There is no way in the world that diesel engines are going to disappear in this century, just do some research into viable fuel alternatives. Life is way too short to worry about what may happen in the next ten, twenty, thirty years. Stop listening to the bovine excrement that comes from the politicians, the tree huggers, the snowflakes and all the do-gooders in this world, about how bad diesel is. Keep your diesel, or buy a diesel then go and use/abuse to your heart's content. (y)

Nick
 
#4
Diesel calibration engineer here.

Diesel pass-car and LD is definitely going to be feeling the pinch in the coming years. The NOx emissions are getting tighter and tighter and it is unfortunately a chemistry and temperature management problem. With EV and other advancements in petrol and hybrid systems coming online there is only so long manufacturers are going to keep investing in diesel technology. The legislation is passable but the technology to pass makes the development less and less attractive, both to the OEM and to the consumer.

For many people who want to travel the world, they look for older vehicles that are Urea free due to the ULS requirements for the DPF and SCR coatings. These vehicles are considerably dirtier than modern diesels already. These are going to be restricted in many cities coming up but as most of us are not using out adventure rigs as out daily transport at home but rather as either a trip of a lifetime or a few times a year this will have minimal impact on the usage case 'we' have. If I can't enter Rome in my truck... I'll park outside the city and ride the public transport in... Same with London. Or...etc.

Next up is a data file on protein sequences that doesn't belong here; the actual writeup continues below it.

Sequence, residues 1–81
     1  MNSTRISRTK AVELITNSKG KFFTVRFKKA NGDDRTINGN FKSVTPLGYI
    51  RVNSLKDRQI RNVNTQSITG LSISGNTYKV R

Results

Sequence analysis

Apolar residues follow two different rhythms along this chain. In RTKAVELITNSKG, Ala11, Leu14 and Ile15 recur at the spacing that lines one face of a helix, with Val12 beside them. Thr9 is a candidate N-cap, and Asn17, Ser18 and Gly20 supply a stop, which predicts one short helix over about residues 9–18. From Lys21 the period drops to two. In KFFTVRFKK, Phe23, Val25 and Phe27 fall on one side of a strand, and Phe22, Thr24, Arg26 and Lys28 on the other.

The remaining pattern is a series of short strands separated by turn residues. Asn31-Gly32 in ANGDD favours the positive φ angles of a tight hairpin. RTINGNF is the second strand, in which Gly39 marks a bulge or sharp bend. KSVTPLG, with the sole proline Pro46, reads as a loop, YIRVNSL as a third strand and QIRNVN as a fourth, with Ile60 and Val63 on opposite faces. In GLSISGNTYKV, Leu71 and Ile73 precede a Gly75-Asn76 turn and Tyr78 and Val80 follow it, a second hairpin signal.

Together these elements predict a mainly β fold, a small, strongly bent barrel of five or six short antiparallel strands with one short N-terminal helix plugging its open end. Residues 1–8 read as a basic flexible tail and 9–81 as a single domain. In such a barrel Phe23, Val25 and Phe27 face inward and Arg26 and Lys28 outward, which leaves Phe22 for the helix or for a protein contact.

#5
With EV and other advancements in petrol and hybrid systems coming online there is only so long manufacturers are going to keep investing in diesel technology.
I agree that the alternatives are gradually coming on line, and I'm all for that but how long is this going to take to negate the need for having diesel powered vehicles? Even with the advances in electric vehicles, the charging infrastructure hasn't even got off the ground - but that's another can of worms :unsure:

I'll park outside the city and ride the public transport in... Same with London.
I'm, all for that (y)Then again, and speaking for the UK, most public transport vehicles are powered by …………… diesel engines! o_O

Ah well, such is life. I'll just enjoy mine whilst I can :)

Nick
 

Jnich77

Expedition Leader
#6
Lol... the entire fleet where I work is changing from diesel to gas. With the advancement in gas motors, diesels are making less and less sense. In fact, we did a cost to benefit analysis and under no circumstances did diesel motors make sense.

Now that Ford is releasing the 7.3 "Godzilla " I see even fewer reason to buy a diesel in the future.
 
#7
Now that Ford is releasing the 7.3 "Godzilla " I see even fewer reason to buy a diesel in the future.